There are two books remaining on Carson’s trip through the 1977-2004 World of Cerebus: Latter Days and The Last Day. And my “shooting script” finally needed some actual dialog, again.
BOOK REF: Latter Days
Cerebus was bound by the Three Wise Guys in and around Cerebus #270.
And for the first time in this little story, Carson IS Cerebus (bound to Cerebus, get it? I thought so…).
The dialog (by Carson) underscores another interesting point Dave makes, that goes way, way back in the Cerebus series, about how some characters are being perceived by other characters in ways that may be different than the way a member of the audience (readership) might. How the heck do we know how someone else sees or understands what anything is, or what it means, through the lens of their own personal experience and … and, oh, please, don’t get me started again on reality versus Reality versus “reality” (to borrow one of Dave’s favorite postmodernist constructs). Moving on.
Cerebus #270 p 18
BOOK REF: The Last Day
Cerebus #299 came out on the day before my birthday, in February 2004. On the last page, we fans got a real treat as a fighting-mad Cerebus goes Full Barbarian, grabs a little dagger, and sets off to eviscerate his son (“Shep-Shep”), who has been dabbling in weird science. I just had to own that last page.
And on top of that, I also wanted page 1 of #300 as I figured it would be its perfect companion, no matter what happened next. So I made the offer for it sight-unseen. Amused, Dave and Ger asked me to wait until I saw it to decide. Yeah. Whatever. Almost immediately, and before any of the rest of us ever saw page 1 of issue #300 in print, I also asked Dave and Ger if they would do a sketch for me as an homage to the famous “What Happened Between Issues 20 and 21?” story, as a bridge between these two pages/issues.
They must have laughed, as there ended up being not too much open space between Issues 299 and 300, as you can see. But they did make a clever bridging sequence: Cerebus raises his right arm between the last panel in 299 and the first one in 300 (and needless to say, I got much more than a sketch from those guys).
The centerpiece is also terrific because it reads from bottom to top, which I suspect Scott “Understanding Comics” McCloud would have a field day with.
And as of this writing (March 2019), we are 15 years to the month, perhaps close to the day, since #300 was published in March 2004, when I was having these conversations.
The pages were committed to be displayed that summer, so I did not actually take possession until December. You can see that the “in between” half-page was done in September.
And, the ensemble:
So we end Carson’s grand tour in Cerebus #300, which gets three panels, and then we bring him home:
Panel A: Carson reaches for the little dagger that has fallen on the floor
Panel B: Carson’s reflection in the little dagger
Panel C: Carson and the return of the BWGST in the reflection in the dagger
Last panel. Carson is back in the studio, and back to sepia (as in the final scene of Wizard of Oz).
Carson (has the white sphere in his left hand; things always invert with that dang BWGST): “Home… (softly) … and this is my room…” (this is Dorothy’s last line of dialog at the end of the Wizard of Oz)… there is also a sideways allusion here to the entire last arc of the Cerebus series and the title of Book 13 (Going Home)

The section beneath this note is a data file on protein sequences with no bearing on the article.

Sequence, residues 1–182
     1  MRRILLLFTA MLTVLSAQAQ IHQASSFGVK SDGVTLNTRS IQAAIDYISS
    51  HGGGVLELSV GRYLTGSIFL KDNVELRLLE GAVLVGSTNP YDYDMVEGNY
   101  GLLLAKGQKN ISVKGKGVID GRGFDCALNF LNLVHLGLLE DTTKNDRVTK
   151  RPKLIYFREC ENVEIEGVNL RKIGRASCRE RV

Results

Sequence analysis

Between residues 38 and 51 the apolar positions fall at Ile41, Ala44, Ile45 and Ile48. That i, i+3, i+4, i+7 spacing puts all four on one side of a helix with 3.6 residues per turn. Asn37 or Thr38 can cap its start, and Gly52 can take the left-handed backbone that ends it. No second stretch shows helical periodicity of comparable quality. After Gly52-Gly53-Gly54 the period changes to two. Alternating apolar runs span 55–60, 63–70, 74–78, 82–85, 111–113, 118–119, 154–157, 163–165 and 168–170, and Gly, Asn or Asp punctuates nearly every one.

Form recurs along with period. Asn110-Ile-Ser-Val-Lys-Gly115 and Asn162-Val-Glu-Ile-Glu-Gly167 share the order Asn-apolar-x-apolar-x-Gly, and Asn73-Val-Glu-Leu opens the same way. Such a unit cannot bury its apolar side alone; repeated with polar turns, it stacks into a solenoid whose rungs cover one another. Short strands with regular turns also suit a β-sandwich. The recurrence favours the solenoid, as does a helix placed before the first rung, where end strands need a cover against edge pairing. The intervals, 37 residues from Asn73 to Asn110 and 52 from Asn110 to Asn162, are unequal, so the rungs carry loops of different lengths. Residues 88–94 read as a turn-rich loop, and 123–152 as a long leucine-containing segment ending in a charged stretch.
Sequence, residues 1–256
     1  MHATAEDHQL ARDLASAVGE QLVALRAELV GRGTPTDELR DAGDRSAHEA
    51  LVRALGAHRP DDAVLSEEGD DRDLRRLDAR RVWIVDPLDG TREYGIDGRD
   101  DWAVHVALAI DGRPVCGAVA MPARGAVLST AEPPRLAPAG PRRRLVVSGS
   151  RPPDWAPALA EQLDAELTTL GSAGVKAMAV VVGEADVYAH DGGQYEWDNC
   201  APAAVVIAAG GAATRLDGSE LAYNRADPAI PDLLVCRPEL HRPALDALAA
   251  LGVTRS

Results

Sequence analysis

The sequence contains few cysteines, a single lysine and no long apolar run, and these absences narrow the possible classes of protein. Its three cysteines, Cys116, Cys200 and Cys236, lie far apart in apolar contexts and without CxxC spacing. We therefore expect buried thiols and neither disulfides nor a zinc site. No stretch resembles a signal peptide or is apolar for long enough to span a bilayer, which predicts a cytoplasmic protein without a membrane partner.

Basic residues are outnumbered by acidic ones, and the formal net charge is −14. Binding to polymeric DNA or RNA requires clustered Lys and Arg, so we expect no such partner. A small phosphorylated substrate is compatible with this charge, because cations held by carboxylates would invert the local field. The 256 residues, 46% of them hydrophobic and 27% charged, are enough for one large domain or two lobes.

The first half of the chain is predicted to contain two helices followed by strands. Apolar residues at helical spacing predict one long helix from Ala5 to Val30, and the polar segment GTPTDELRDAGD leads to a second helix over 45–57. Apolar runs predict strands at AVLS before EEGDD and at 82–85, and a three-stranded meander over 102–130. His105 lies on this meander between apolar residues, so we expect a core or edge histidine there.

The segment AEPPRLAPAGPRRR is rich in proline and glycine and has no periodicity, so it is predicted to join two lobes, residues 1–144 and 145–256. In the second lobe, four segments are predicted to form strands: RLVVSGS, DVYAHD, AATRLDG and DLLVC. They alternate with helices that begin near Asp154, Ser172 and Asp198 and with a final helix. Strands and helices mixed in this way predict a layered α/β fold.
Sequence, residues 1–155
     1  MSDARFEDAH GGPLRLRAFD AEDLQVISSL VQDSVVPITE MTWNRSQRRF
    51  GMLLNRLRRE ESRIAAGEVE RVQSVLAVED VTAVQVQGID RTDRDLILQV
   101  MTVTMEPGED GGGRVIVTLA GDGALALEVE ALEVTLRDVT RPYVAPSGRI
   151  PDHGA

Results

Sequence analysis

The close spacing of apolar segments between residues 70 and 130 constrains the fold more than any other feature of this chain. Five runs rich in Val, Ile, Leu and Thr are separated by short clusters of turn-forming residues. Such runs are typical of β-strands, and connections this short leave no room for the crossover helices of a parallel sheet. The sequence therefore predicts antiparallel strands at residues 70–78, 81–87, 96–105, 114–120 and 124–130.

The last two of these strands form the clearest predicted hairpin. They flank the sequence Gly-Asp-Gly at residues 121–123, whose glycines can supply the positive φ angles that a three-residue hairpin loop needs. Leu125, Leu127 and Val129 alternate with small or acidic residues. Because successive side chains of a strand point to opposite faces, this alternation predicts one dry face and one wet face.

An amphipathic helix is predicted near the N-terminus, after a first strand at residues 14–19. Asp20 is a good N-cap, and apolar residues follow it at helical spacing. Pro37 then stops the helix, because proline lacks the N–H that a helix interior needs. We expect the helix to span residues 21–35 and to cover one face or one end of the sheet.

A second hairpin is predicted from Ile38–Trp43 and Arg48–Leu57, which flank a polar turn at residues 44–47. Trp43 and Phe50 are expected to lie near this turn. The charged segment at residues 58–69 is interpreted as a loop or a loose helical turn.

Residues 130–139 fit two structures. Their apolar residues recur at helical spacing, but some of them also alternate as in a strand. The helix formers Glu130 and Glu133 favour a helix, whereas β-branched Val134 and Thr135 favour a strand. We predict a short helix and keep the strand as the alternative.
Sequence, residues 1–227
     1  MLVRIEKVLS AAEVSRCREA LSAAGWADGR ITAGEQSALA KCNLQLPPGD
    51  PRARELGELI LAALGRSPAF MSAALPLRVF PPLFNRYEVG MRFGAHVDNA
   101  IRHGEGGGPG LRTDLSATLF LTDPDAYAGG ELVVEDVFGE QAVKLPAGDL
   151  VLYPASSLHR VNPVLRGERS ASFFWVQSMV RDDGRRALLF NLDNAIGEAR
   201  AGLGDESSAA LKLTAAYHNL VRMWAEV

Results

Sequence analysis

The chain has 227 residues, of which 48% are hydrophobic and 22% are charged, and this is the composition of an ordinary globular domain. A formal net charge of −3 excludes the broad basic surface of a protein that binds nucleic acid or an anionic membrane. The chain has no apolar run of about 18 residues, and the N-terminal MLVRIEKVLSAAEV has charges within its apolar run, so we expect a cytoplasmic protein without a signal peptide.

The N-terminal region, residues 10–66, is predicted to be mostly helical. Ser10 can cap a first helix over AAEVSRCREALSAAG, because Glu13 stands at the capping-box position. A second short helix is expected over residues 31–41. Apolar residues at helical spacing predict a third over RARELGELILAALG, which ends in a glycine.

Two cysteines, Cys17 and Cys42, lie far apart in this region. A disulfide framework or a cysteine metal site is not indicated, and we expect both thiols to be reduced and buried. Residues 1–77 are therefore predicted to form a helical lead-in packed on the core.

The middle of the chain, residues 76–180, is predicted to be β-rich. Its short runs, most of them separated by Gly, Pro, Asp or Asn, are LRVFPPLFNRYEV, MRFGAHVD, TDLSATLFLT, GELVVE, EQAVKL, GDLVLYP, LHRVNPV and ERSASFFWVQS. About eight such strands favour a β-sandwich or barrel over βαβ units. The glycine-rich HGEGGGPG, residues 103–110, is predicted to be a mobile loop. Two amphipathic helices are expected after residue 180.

Student: “Sir, are you OK? You drifted off for a moment.”
And this is a significantly more obscure reference to an all-time favorite, final movie moment of mine, to commemorate Carson’s passage (take it as you might) from one world into the other, particularly at the staging of Cerebus’s death:
“It’s time for you to leave now. Time for you to go back to where you came from. Back to the place where all the spirits came from, and where all the spirits return. This world will not longer concern you.” – Dead Man, 1995
Dead Man is a terrifically under-appreciated movie starring Johnny Depp, the fantastic Gary Farmer, and includes performances by John Hurt, Iggy Pop, Alfred Molina, Billy Bob Thornton, Gabriel Byrne, Crispin Glover, and the last US film appearance by Robert Mitchum. And also features an original Neil Young soundtrack, which he improvised much of as he watched the pre-edited (!) film during its production. A black and white “art house” type of movie, it has been described as a “psychedelic western.” Contemporary reviewers were quite critical at the time, but it now shows up on the “movies you missed” lists. I enjoy re-watching it every 5 years or so. It was released the same year as “12 Monkeys” and “Heat,” making 1995 one of only a few years with three recommendations on my all-time list of ca. 50 films.
You have to see the movie to catch what I mean by the drifting reference (Carson has drifted off… from the student’s point of view, but also from our perspective away from Cerebus’s world, too). Passage and transition. The clip from Dead Man that I am referencing is here.
Another great line from Dead Man worthy of inclusion: “The eagle never lost so much time as when he submitted to learn from the crow.”
Fortunately, my twin eagles (Gerhard and Carson) recognized and ignored the more crow-like suggestions I cawed about along the way and turned them into good ideas. Un grand merci, mille mercis, mes amis.
Carson lifts the sphere from the copy of the Cerebus volume that clocked him. The End.
And to coin a phrase (really, to clip one of the few X-Men tropes, from the cover of issue 139, Nov 1980, that has been used as frequently as Wolverine’s many tag lines):
“Welcome to the World of Cerebus, Carson. Hope you survive the experience.”